Make one big mistake and it’s over.
Waialua was clinging to a 1-point lead late in the Oahu Interscholastic Association Division II championship game and could easily have blown it.
But the Bulldogs didn’t. And now after a 36-35 victory over Waipahu, they are owners of a league title for the first time since 1955.
How sweet is that?
Head coach Lincoln Barit was trying to make his way over to the edge of the field to join in the hoopla with the Waialua fans in the mauka sections. It took a while. Reporters kept wanting him to give them his take on what had just happened.
“Exciting,” he said, a huge maile lei around his shoulders that he wore all night. “Relieved that we got that monkey off our back. I would like to say thank you to all the community and all the players and coaches and their wives. They gave up a lot for us to be able to do this. Waipahu was coming with the fight. I told the kids that we gotta take the fight to them. Our defense stepped it up and did what they had to do to get the ball back to the offense.”
Twice in the fourth quarter, Bulldogs defensive backs came up with acrobatic interceptions to stave off Waipahu drives.
Waialua’s Julian Fely-Menor stole a jump ball from the Marauders’ Isaac Yamashita with 10:31 to go. Then, Lancen Kuni dove to scoop up a tipped ball before it hit the ground with 6:01 left.
Without those two picks, who knows? As Barit said, Waipahu was bringing the fight.
Quarterback Tevesi Toia, who showed unbelievable poise all night, made a bullet pass to Caleb Apau for a first down. Only 5:13 left. Toia then scrambled for another first down before Waialua faced a fourth down.
Mathan Hatchie, a two-way lineman and another huge contributor all game, went back to punt. The snapped ball bounced off his hands and then off his facemask before it hit the ground and bounded back into his hands. He ran, but did not get a first down. Waipahu ball at its own 46.
In retropspect, that mistake turned out to be not big enough to change the outcome. At the time, the Marauders were now on the prowl and ready to try for the win … but not without the fight coming back right at them.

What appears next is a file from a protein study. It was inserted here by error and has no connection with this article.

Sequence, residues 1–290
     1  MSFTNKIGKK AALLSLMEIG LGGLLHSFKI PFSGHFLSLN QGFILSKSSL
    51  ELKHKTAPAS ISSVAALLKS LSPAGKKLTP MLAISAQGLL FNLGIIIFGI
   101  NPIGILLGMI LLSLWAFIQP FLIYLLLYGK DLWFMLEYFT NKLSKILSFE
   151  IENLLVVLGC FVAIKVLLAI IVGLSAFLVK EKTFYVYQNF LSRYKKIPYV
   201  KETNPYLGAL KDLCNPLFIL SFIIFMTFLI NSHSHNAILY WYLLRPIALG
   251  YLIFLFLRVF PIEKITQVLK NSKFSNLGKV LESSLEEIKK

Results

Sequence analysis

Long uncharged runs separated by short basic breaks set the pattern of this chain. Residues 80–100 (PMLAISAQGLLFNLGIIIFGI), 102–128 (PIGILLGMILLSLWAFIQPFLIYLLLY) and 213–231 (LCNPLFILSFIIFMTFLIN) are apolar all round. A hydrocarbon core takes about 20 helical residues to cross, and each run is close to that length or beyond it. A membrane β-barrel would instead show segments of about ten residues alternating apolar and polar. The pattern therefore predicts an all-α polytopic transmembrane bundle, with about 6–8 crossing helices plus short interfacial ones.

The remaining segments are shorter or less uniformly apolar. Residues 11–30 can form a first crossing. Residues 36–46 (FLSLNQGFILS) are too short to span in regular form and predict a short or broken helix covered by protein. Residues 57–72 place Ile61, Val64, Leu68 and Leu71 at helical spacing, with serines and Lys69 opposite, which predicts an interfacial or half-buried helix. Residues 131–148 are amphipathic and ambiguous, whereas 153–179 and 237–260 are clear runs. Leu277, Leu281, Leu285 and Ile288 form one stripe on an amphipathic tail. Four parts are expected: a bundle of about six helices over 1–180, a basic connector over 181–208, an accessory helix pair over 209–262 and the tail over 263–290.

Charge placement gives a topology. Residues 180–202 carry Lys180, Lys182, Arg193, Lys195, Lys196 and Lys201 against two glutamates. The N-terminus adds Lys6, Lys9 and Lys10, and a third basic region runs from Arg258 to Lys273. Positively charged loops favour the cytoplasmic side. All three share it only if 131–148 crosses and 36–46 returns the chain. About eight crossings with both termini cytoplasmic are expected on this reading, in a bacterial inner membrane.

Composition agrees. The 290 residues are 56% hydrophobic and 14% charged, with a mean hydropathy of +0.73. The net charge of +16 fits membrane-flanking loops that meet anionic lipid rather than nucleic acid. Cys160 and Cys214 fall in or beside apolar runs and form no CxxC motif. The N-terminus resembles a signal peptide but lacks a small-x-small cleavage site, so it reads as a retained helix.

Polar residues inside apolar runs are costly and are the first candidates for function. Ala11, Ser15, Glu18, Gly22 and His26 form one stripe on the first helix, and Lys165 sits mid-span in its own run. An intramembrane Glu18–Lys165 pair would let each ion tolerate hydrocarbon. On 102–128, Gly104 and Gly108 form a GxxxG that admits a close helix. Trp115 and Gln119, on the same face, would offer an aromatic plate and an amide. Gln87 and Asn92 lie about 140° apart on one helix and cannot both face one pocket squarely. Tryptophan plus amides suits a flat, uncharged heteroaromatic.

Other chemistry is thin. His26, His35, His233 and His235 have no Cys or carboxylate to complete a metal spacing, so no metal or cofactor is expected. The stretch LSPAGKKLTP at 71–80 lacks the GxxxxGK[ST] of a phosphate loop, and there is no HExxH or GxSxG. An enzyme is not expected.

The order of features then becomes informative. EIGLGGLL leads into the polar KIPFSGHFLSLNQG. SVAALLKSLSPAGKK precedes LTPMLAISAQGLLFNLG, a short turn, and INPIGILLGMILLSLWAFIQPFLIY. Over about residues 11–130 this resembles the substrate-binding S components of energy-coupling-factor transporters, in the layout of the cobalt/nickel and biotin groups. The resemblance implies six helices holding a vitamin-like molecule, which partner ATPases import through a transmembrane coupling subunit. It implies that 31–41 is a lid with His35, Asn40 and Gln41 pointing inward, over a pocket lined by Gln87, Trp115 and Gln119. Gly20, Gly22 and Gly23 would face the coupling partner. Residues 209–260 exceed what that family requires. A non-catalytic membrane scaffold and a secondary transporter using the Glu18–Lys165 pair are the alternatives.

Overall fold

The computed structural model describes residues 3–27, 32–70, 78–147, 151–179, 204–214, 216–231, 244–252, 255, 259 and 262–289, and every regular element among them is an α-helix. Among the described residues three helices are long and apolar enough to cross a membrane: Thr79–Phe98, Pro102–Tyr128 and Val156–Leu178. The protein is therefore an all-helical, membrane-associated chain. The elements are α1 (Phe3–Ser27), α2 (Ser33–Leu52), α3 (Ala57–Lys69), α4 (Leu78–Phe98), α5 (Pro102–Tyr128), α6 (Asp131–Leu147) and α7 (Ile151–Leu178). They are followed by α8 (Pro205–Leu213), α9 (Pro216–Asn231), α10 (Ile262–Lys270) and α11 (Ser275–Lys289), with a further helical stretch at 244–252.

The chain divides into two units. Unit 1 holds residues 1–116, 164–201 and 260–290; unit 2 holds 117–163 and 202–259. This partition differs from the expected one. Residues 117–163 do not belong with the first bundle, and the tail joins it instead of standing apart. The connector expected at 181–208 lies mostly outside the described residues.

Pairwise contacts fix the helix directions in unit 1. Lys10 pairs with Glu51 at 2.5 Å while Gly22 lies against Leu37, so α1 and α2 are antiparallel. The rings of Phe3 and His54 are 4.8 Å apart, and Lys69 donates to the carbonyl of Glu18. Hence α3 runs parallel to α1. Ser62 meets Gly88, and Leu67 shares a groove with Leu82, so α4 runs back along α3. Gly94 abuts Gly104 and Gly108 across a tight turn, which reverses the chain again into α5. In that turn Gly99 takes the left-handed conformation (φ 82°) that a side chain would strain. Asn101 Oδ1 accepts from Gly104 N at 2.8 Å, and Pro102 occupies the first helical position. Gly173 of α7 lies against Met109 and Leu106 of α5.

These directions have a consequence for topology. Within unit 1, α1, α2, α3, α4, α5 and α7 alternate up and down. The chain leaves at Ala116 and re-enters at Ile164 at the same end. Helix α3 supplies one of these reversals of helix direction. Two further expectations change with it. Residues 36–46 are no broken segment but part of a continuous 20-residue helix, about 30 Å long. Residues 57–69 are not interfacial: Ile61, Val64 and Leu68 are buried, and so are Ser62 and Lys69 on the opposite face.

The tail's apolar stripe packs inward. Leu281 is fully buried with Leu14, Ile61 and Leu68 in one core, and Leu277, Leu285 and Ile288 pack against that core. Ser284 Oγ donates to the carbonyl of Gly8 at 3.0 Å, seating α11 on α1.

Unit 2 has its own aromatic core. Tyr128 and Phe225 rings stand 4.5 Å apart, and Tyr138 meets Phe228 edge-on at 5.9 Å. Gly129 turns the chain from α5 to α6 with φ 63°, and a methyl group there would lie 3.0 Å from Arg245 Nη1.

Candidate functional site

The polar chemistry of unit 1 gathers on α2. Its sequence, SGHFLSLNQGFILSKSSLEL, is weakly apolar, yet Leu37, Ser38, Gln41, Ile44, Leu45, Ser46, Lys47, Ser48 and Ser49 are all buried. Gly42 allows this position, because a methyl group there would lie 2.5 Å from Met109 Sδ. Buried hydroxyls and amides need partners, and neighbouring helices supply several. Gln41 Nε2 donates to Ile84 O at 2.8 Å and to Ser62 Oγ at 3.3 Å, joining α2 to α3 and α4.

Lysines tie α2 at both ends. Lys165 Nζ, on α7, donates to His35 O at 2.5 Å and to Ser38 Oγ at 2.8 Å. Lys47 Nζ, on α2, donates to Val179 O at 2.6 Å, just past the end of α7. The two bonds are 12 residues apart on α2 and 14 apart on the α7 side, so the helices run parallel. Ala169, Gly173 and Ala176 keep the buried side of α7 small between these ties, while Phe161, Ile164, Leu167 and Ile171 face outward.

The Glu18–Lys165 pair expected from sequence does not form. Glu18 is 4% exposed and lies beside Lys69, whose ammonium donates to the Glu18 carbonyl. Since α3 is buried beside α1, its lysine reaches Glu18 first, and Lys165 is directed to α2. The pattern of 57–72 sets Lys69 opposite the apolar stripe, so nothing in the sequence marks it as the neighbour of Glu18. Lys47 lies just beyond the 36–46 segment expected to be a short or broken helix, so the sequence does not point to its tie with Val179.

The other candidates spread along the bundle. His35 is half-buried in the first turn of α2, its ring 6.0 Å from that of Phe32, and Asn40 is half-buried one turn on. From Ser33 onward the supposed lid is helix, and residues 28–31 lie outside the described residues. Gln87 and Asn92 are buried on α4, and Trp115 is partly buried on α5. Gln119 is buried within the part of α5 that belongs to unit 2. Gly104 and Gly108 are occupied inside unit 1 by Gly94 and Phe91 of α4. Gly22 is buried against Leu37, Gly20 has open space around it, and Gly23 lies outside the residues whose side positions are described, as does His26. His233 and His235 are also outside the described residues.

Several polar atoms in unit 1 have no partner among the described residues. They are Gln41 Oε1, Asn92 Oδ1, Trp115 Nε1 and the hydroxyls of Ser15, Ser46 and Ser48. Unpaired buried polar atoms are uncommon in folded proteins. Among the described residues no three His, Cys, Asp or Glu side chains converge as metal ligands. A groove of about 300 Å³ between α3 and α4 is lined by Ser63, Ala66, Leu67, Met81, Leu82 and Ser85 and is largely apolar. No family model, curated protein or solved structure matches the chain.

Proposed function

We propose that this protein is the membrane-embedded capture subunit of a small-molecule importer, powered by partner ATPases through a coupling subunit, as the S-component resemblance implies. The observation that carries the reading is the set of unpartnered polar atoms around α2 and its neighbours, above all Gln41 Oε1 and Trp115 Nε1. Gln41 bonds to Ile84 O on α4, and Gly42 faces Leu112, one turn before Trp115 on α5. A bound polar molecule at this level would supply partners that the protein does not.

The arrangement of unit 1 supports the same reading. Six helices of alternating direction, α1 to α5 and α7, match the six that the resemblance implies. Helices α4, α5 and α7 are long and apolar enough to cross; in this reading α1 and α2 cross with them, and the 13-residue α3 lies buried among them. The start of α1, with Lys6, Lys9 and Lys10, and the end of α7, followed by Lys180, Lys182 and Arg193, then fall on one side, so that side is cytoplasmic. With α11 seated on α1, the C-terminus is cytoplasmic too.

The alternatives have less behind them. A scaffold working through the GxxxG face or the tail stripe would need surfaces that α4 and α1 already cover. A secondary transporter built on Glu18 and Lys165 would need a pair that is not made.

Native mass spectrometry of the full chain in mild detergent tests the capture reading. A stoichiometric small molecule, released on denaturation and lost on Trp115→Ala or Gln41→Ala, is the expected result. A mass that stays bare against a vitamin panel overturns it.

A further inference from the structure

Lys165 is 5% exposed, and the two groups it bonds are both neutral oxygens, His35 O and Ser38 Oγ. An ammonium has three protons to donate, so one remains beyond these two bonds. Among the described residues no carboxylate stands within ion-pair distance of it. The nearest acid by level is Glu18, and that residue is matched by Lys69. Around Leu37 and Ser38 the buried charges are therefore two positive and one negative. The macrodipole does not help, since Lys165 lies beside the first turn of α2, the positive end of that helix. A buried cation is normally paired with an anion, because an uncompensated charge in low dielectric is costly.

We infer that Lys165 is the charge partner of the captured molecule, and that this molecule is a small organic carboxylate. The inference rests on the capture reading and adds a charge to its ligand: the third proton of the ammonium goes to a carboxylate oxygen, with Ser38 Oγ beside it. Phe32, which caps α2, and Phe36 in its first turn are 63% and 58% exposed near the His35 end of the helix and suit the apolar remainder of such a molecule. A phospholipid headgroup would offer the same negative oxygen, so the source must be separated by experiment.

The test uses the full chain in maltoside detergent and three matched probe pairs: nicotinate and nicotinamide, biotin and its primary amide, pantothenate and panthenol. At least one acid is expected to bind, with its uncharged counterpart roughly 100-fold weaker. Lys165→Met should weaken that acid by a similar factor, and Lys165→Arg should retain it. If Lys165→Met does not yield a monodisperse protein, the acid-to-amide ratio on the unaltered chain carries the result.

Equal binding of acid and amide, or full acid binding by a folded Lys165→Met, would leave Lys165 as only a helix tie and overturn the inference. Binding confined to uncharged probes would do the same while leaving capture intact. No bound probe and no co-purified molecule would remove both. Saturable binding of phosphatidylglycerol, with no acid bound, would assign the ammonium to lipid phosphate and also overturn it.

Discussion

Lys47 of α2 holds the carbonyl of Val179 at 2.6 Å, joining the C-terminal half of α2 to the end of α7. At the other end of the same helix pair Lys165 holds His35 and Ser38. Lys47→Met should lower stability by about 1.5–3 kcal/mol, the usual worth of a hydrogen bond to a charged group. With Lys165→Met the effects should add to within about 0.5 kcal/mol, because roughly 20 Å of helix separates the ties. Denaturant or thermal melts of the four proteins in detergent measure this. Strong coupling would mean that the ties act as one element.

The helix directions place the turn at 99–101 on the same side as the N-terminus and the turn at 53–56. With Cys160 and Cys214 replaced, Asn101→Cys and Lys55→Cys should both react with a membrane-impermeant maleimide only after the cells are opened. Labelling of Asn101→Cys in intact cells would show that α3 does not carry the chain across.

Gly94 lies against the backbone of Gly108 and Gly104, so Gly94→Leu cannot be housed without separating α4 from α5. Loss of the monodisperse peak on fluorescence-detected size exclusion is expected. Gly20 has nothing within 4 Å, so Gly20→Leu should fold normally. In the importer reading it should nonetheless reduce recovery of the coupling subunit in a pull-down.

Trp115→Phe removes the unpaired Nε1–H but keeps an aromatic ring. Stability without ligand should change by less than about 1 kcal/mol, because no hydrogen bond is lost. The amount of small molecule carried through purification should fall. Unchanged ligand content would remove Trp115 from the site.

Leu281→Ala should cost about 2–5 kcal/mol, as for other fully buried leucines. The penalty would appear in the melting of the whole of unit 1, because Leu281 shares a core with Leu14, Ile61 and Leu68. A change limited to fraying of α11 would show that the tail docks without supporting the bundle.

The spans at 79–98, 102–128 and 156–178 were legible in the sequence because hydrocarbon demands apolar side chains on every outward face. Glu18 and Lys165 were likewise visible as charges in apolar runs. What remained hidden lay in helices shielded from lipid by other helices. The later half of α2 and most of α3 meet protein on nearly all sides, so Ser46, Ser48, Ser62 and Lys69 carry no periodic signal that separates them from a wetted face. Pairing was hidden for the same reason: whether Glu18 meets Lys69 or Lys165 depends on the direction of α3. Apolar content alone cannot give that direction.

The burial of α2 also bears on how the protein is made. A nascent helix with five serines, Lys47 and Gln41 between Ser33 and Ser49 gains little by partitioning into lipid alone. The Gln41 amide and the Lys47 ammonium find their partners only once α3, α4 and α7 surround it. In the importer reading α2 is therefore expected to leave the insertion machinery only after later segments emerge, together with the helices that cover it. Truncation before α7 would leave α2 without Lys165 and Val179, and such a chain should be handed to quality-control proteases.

Waipahu’s AJ Contado made two catches, but he was met by the Bulldogs’ Kymani Ayonon both times. Now, there was only 1:49 remaining. Waipahu got as far as the Waialua 36 and then a deep pass was broken up by Kuni, who flung the ball out of the hands of Alika Ahsing.
A penalty pushed the Maruaders back before they tried an Isaac Yamashita reverse and he was stuffed by Waialua’s Dayton Lee.
Later, after a measurement, Waipahu faced a fourth down and 1 foot situation. Waipahu quarterback Braden Amorozo did not handle the snap, the ball hit the carpet and Hatchie came up out of the pile with it with 38 seconds to go, virtually ending the game.
“It’s unbelievable that we were able to pull this off,” Hatchie said “I’m just happy for my teammates, Happy everyone was able to do their jobs.”
Softly and almost as if asking a question, he repeated:
“We were able to pull this off!”
“Once we hit halftime,” Hatchie continued, “coach had to speak some sense into us. He told us we gotta take the fight to them.”
There is that word again. Fight. That necessary fight.
Toia finished with 80 yards and a TD on the ground. Using his feet, he also scrambled and bought time. With his right arm, he threw for 256 yards, going 24-for-36 with three touchdowns.
“He is a great role model,” Hatchie said about the QB.
Kuni, who caught six passes for 49 yards and a TD on offense, had this to say about Toia: “He’s like my other half since childhood days playing backyard football.”
Kuni then pointed to Hatchie, who was celebrating with fans, and said, “That guy right there is one bad guy. He is hard to stop. This (championship) is amazing, and I am so grateful. Thank you for the support, North Shore!! Waialua is back on top. Everybody played one helluva game, the whole team unit.”
Hatchie had four sacks and a blocked extra point that, at the time, allowed the Bulldogs to maintain a 21-20 lead.
And it turned out to be a 1-point game. Dylan Hardin kicked what turned out to be the winning extra point, making it 36-35 after Toia’s 8-yard TD pass to Risein Campbell with 11:43 to go.
According to one Waialua fan, the son of Toshiyuki Nakasone — Waialua’s head coach for that last championship team in 1955 and the person who the team’s field is named after — was in attendance for Friday’s victory.
Getting the tomahawk chop cheer from Kahuku fans waiting for the second game (the OIA D-I title game against Farrington) on the same mauka sideline helped the Bulldogs keep the momentum.
Toia’s poise in the clutch also worked wonders.
Barit said the QB will return for his senior year next season and that he “should be even better.”
Toia was thrilled with his team’s accomplishment.
“We made history, baby,” he said. “It was crazy. I told my teammates to push forward no matter what happens and then we’ll fight at the end. We’ll stay humble and go back home and celebrate the win.”
What’s next for the Bulldogs?
“States,” Hatchie said. “We’ll do our best. Just do our job and make it as far as we can. We’re ready for this. We’re ready to take on Damien.”
Waialua (7-2) and Waipahu (8-2) move on to the D-II state tournament Friday. The Bulldogs play against Damien (6-2) at 4:30 p.m. at the Campbell High field. The Marauders visit Lahainaluna (6-4) for a 3:30 p.m. game at Maui’s War Memorial Stadium.